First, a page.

Mitt Romney Backs Some Embryonic Stem Cell Research, Opposes Funding

Bioethics   |   Steven Ertelt   |   Dec 6, 2007   |   9:00AM   |   WASHINGTON, DC

Mitt Romney Backs Some Embryonic Stem Cell Research, Opposes Funding

Email this article
Printer friendly page

by Steven Ertelt
LifeNews.com Editor
December 6,
2007

Washington, DC (LifeNews.com) — In a new interview, Republican presidential candidate Mitt Romney reiterated his position when it comes to embryonic stem cell research. The former governor says he opposes the specific creation and destruction of human life to advance science but he says he would support destroying human embryos from fertility clinics.

Romney spoke with CBS News about his views and said he favors moral stem cell research.

"I’m very much in favor of stem cell research, but in a way which I believe is moral and ethical," he said.

That means he opposes "creating new embryos through embryo farming or through cloning" — which is a practice he finds "unethical ."

Katie Couric conducted the interview and she asked Romney to describe the kind of embryonic stem cell research he might support.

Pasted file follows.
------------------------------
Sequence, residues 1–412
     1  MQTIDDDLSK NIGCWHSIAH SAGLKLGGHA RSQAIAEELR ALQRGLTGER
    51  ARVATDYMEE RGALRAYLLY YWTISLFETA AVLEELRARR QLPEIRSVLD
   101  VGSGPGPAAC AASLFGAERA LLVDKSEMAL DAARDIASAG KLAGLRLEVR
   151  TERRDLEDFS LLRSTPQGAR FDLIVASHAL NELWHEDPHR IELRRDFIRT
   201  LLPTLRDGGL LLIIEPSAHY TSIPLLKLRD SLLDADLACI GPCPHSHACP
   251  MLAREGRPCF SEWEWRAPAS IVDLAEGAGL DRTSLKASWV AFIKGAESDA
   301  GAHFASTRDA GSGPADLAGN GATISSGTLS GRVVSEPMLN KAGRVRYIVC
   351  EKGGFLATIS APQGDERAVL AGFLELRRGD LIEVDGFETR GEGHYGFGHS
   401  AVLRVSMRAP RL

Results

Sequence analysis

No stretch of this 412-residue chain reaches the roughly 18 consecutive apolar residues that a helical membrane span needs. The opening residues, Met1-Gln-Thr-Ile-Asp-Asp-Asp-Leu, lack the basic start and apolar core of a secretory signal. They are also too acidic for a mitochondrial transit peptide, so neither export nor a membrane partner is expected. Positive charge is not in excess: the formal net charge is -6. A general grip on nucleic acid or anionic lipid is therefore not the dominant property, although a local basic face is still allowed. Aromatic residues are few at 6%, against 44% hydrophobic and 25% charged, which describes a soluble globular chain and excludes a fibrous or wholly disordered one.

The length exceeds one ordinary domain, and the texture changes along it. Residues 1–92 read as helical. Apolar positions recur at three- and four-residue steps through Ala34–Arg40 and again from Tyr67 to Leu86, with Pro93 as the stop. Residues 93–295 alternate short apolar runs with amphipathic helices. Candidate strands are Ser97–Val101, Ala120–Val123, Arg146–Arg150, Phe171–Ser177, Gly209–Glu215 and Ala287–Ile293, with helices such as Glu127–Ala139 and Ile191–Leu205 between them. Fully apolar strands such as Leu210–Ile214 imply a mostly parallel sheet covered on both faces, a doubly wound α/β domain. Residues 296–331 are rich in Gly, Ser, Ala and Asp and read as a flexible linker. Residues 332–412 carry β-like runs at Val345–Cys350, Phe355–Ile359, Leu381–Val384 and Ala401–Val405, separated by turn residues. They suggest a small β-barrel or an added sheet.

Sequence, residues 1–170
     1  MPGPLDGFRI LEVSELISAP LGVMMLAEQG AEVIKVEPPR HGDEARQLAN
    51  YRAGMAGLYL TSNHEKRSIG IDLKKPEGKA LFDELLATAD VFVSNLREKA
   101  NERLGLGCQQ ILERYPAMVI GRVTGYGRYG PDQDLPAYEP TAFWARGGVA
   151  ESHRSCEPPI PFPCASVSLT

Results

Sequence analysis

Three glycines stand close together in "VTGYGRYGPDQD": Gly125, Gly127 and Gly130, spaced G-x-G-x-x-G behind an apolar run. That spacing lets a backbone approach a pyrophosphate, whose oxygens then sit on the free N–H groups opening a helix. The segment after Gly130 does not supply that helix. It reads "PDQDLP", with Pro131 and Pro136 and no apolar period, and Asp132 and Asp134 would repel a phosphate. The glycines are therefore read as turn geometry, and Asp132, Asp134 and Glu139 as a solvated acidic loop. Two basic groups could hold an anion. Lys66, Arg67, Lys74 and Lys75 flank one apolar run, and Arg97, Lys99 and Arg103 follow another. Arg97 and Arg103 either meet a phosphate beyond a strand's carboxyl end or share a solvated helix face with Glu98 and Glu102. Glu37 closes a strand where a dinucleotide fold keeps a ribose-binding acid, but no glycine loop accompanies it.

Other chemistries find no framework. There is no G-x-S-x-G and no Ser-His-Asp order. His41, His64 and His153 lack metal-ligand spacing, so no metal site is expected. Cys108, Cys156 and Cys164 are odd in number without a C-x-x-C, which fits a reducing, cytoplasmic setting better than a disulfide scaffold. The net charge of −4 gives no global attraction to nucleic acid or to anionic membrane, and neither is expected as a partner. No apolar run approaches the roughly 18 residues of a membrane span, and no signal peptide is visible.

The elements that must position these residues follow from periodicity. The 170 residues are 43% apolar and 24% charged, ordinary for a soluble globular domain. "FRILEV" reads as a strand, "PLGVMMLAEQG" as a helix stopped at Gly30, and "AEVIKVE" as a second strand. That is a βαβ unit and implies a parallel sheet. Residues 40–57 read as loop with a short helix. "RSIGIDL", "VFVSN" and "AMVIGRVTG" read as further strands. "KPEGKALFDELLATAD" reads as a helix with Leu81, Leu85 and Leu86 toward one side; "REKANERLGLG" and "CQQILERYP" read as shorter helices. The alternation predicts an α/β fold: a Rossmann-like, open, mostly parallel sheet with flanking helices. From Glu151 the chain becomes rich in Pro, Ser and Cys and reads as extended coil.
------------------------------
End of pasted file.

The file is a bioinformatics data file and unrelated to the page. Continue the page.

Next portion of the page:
"So what kind of embryos — embryos that are created for procreation and then would be discarded? Are those the ones that you feel are perfectly fine from which to cull cells for stem cell research?" Couric asked.

"Yes," Romney responded, "those embryos that are referred to commonly as surplus embryos from in-vitro fertilization."

Romney said he would first like to see human embryos adopted by families before put up for their destruction. However, he explained how he would have no problem with parents who want to allow those human embryos — unique human beings — to be destroyed for research.

"But if a parent decides they would want to donate one of those embryos for purposes of research, in my view, that’s acceptable," he said. "It should not be made against the law."

At the same time, Romney appeared to side with President Bush in opposing the forcing of taxpayers to fund embryonic stem cell research that involves the destruction of human life.

"I wouldn’t finance that with government money because it represents a moral challenge for a lot of people and I think we’re better investing in places where the prospects are much better," he said.